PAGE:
When Is Endodontic Retreatment Needed?

Have you ever had root canal procedure, with the hope that the pain would be gone for good, only to find that the same tooth bothers you months or years later? Sometimes, even though the nerve is removed from a tooth, it doesn’t heal as anticipated. The discomfort that you feel long after your root canal has healed may be a signal that the tooth needs endodontic retreatment. If this is the case, schedule an appointment with your endodontist for an evaluation, and be sure to ask the following questions.

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Why Hasn’t My Tooth Healed— according to the American Association of Endodontics (AAE) the endodontic motor for sale lasts a lifetime if they’re properly cared for. Unfortunately, sometimes endodontic retreatment may be the only way to give your previously treated tooth a second chance if your dentist diagnoses one of the following circumstances:

  • Extra, oddly shaped or restricted canals in the root of the tooth that were not originally detected and treated.
  • A delay in placing a protective crown on the tooth.
  • Failure of the tooth restoration to prevent contamination from your saliva.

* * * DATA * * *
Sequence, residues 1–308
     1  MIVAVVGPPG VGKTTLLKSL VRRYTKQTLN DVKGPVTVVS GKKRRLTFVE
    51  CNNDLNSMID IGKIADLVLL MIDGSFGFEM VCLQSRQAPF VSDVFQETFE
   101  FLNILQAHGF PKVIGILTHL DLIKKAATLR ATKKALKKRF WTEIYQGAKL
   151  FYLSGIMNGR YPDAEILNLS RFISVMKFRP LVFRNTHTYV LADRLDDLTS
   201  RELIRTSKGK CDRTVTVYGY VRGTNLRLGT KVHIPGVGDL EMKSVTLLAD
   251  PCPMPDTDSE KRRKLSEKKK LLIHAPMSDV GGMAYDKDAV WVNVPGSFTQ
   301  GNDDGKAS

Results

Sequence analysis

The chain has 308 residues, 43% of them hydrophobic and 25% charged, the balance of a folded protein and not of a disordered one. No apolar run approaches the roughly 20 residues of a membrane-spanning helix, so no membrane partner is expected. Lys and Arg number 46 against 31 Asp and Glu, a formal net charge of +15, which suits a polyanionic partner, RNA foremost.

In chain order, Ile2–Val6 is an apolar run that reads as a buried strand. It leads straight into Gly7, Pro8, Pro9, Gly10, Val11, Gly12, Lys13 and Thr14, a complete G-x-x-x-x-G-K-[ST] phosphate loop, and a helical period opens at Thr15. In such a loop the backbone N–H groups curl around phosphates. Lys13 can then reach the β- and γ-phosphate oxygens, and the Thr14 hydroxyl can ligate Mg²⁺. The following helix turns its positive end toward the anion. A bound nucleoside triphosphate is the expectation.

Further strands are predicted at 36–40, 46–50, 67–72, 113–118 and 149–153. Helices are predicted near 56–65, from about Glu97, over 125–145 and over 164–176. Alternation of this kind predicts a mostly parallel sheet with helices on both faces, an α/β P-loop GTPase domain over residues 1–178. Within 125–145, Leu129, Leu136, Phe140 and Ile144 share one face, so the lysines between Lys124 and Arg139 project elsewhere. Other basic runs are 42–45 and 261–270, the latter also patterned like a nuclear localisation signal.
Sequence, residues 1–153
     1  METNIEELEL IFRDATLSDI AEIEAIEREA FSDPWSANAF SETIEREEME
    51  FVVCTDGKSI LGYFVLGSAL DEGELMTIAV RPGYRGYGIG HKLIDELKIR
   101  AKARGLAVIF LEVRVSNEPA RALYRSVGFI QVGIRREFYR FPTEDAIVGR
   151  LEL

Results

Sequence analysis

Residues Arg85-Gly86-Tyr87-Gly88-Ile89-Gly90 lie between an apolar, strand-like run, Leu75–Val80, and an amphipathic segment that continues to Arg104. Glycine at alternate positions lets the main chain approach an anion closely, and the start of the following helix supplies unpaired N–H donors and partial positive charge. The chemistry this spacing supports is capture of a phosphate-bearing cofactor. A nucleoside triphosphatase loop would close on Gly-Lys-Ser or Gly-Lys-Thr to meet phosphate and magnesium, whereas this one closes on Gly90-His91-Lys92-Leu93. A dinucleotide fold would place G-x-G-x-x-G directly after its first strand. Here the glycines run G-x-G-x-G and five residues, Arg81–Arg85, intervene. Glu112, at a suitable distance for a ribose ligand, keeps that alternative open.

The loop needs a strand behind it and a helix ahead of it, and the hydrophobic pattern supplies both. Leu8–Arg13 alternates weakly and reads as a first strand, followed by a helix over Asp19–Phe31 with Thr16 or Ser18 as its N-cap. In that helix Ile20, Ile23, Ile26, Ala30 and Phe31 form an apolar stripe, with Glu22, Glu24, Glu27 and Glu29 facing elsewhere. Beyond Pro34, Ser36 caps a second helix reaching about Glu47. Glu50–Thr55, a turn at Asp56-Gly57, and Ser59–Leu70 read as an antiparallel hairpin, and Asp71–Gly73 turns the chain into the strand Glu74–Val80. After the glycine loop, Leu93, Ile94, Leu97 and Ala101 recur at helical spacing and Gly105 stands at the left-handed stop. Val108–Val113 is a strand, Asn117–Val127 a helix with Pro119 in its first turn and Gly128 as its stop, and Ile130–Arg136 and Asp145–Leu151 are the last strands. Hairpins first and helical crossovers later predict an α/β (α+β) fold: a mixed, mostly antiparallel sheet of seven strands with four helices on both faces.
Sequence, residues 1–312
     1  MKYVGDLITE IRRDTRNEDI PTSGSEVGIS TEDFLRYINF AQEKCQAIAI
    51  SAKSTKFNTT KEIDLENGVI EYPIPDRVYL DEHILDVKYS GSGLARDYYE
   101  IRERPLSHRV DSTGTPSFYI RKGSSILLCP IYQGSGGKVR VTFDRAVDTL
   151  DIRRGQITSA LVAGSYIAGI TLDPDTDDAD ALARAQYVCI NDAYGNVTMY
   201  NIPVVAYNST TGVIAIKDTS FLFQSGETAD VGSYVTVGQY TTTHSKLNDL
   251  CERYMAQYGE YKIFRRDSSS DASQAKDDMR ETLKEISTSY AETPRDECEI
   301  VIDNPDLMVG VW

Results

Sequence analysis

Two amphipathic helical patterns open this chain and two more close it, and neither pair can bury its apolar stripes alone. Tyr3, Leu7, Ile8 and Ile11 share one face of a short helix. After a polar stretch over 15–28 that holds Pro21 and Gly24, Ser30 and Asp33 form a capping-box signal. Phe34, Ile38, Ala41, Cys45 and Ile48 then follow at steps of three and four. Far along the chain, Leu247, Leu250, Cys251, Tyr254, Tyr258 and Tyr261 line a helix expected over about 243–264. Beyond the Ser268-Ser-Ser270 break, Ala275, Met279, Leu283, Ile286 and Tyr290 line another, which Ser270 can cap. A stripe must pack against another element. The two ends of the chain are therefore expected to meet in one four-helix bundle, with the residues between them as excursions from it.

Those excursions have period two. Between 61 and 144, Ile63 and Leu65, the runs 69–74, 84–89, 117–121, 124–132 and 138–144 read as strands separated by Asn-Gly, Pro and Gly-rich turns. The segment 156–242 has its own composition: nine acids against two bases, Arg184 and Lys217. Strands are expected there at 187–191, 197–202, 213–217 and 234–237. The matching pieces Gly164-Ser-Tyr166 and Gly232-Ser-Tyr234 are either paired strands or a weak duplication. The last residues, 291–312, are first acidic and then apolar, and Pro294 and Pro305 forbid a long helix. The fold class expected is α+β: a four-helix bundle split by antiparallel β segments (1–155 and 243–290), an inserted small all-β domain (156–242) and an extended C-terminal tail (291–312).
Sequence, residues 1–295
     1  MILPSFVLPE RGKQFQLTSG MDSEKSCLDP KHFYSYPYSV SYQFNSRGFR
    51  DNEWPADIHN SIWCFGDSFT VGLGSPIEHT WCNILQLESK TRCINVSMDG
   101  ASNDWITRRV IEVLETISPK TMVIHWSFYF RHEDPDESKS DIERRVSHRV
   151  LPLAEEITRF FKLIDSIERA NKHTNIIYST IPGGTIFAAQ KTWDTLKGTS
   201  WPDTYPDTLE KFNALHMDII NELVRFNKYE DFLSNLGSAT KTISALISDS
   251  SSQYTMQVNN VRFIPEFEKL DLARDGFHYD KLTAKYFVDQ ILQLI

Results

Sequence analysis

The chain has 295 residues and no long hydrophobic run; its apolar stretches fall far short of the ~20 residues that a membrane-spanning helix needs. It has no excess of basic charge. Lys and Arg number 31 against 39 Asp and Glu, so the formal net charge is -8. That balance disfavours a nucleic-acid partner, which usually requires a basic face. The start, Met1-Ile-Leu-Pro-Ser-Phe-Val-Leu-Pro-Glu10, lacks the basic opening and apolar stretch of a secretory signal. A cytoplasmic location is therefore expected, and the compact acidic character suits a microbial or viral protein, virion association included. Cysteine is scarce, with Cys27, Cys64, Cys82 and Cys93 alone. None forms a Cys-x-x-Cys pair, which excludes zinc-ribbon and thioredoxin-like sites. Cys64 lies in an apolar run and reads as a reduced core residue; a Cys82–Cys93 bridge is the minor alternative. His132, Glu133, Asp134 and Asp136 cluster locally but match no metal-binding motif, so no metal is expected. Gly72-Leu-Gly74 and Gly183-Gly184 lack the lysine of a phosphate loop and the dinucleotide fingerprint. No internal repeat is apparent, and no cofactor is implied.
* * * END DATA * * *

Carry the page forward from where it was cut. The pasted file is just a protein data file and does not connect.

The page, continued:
• A new infection from new decay or caused by a damaged crown or filling exposing the tooth to bacteria

What Should I Expect During Endodontic Recovery— every situation is different, but your dentist will give you personalized post-operative instructions to follow, and your recovery time may be a bit longer if you undergo endodontic surgery. Over-the-counter pain medication may give you relief for any minimal discomfort due to tissue inflammation. If you experience intense pain or pus is draining from the surgical site, call your endodontist right away. If you had surgery, avoid vigorous brushing around the tooth. Also, avoid chewing hard foods or ice with the treated tooth. Advances in dental technology are happening every day, and the field of endodontics is no exception. So when you decide to go ahead with endodontic retreatment, your dentist may use techniques that weren’t available when you originally had root canal equipment. While there are never absolute guarantees, there is no reason to think that you can’t keep this tooth for a lifetime.

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What Does Endodontic Retreatment Entail— the retreatment process begins with your endodontist removing your crown or filling to access the root canal filling material. After removing the root canal material, the endodontist will clean all of the canals, and with the aid of special lighting and magnification, look for extra canals, unusual anatomy, or infection that requires treatment. After removing any infection and reshaping and cleaning the canals, your dentist will refill or restore them. However, if the canals are uncommonly narrow or impassable, the endodontist may recommend endodontic surgery to access and seal a portion of the root tip. The last step in the process involves placing a temporary filling in your tooth.